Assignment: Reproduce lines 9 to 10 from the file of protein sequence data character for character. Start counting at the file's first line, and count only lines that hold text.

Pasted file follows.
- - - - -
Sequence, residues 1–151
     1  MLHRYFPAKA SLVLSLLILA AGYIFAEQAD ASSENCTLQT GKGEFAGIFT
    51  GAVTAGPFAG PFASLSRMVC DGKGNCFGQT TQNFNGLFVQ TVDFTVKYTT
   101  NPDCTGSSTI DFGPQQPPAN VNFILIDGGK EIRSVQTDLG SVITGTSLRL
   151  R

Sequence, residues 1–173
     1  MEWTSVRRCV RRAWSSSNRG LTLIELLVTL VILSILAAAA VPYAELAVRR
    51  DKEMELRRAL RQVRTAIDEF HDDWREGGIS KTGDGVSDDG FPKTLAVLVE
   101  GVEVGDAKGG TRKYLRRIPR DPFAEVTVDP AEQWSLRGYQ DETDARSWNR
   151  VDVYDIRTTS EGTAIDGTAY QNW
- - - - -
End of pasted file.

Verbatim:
   101  GVEVGDAKGG TRKYLRRIPR DPFAEVTVDP AEQWSLRGYQ DETDARSWNR
   151  VDVYDIRTTS EGTAIDGTAY QNW